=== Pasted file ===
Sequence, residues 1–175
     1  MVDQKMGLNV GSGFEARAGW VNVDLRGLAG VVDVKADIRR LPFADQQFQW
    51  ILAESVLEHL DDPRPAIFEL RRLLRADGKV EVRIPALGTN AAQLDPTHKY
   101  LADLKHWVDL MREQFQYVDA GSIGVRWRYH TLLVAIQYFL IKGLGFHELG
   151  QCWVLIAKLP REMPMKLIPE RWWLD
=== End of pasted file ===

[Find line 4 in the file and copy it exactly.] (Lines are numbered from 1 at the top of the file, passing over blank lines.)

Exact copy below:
   101  LADLKHWVDL MREQFQYVDA GSIGVRWRYH TLLVAIQYFL IKGLGFHELG